The ASPIRE Model: Grounding the IPEC core competencies for interprofessional collaborative practice within a foundational framework

John A. Owen's picture
Submitted by John A. Owen on Jul 17, 2019 - 2:27pm CDT

Resource Type: 
Journal Article

Interprofessional education (IPE) and interprofessional collaborative practice (ICP) are essential to achieving high-quality patient care. Leading IPE/ICP requires training in new knowledge and skills that most health professions faculty and clinicians lack. To guide this training, the Interprofessional Education Collaborative (IPEC) defined interprofessional collaboration through four core competencies: (a) Values/Ethics for Interprofessional Practice, (b) Roles/Responsibilities, (c) Interprofessional Communication, and (d) Teams and Teamwork. For IPE/ICP training to be effective, it is necessary to identify new educational models that provide an operational framework for these competencies. The University of Virginia (UVA) ASPIRE Model is a new paradigm for developing IPE/ICP educational experiences. It was created by mapping the IPEC competencies to three overlapping curricular content areas: (a) Practical Tools, (b) Leadership, and (c) Relational Factors. This model shows the relationship among the four IPEC core competencies and corresponding sub-competency statements and their inclusion in one or more of these three curricular content areas. The UVA ASPIRE Model was empirically tested as an approach to provide IPE/ICP training through “real-world” application for clinicians and faculty participating in an intensive team development program. Positive evaluations and improved capabilities of learners to apply their new knowledge and skills to solving real-world clinical challenges revealed that the UVA ASPIRE Model is an effective approach to embed the IPEC competencies in the design of IPE/ICP educational activities.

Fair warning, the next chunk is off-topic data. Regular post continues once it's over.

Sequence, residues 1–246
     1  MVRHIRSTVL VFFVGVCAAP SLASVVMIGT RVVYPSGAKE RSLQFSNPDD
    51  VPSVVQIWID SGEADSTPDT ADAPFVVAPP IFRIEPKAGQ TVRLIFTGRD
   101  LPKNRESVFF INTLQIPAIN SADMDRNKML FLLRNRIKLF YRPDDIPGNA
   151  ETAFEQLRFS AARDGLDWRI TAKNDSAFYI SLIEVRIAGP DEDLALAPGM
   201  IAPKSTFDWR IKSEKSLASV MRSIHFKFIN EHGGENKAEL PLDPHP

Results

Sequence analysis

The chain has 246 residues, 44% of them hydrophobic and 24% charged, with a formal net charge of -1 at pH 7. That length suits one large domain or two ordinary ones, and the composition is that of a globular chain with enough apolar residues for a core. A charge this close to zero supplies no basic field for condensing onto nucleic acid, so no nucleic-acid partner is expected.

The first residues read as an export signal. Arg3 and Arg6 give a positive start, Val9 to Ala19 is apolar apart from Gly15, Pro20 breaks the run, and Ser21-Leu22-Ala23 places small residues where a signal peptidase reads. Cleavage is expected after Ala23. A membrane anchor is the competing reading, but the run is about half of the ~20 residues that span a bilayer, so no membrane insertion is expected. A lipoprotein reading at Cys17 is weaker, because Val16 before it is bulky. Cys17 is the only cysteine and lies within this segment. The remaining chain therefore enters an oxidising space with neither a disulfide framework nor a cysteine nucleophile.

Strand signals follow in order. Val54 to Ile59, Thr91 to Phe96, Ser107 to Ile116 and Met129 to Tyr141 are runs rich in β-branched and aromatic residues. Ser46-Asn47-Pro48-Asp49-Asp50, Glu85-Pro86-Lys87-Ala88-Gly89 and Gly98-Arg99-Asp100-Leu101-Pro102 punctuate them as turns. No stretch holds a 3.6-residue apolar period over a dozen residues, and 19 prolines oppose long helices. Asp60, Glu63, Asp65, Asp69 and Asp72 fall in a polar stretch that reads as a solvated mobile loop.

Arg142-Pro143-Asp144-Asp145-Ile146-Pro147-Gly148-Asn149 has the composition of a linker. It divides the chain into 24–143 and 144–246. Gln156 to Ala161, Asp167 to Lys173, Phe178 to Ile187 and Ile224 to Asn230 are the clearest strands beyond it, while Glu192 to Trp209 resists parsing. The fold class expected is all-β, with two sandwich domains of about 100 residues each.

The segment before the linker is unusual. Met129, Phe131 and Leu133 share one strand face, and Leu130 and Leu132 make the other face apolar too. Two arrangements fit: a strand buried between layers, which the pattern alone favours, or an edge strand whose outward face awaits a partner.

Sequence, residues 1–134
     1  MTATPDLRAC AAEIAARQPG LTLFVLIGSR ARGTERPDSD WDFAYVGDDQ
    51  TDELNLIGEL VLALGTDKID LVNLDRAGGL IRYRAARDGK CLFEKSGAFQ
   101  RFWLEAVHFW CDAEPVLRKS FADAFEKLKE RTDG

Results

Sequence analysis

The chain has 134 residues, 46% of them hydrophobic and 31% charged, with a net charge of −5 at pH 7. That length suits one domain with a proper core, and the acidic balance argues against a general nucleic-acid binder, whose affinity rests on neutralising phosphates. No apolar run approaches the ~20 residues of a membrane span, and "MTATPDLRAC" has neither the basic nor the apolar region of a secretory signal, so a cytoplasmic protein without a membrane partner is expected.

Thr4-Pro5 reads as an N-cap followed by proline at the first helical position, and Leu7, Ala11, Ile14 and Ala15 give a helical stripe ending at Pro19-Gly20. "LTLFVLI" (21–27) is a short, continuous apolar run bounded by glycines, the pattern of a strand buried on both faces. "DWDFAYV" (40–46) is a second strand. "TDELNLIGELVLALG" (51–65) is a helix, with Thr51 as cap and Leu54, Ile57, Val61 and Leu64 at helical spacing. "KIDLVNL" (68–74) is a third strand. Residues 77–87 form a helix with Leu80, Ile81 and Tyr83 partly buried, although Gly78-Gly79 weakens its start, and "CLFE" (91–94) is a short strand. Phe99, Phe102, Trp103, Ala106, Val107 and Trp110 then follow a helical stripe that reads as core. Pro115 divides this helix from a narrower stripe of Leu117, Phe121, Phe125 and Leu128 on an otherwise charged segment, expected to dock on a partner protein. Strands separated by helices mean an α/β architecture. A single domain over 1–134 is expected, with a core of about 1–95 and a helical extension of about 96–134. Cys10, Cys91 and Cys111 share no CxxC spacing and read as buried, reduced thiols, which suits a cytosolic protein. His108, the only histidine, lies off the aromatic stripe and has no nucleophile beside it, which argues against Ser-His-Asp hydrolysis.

Valentina Brashers
Julie Haizlip
John A. Owen